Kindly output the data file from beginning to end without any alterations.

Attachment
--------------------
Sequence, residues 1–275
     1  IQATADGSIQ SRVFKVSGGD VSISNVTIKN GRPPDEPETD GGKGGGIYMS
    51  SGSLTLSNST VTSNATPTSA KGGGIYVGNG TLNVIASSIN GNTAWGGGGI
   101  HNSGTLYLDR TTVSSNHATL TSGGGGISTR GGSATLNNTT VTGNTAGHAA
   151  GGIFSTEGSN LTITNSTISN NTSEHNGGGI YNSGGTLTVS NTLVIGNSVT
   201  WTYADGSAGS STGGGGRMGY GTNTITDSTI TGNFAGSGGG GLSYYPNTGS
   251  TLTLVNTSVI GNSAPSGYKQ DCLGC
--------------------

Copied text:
Sequence, residues 1–275
     1  IQATADGSIQ SRVFKVSGGD VSISNVTIKN GRPPDEPETD GGKGGGIYMS
    51  SGSLTLSNST VTSNATPTSA KGGGIYVGNG TLNVIASSIN GNTAWGGGGI
   101  HNSGTLYLDR TTVSSNHATL TSGGGGISTR GGSATLNNTT VTGNTAGHAA
   151  GGIFSTEGSN LTITNSTISN NTSEHNGGGI YNSGGTLTVS NTLVIGNSVT
   201  WTYADGSAGS STGGGGRMGY GTNTITDSTI TGNFAGSGGG GLSYYPNTGS
   251  TLTLVNTSVI GNSAPSGYKQ DCLGC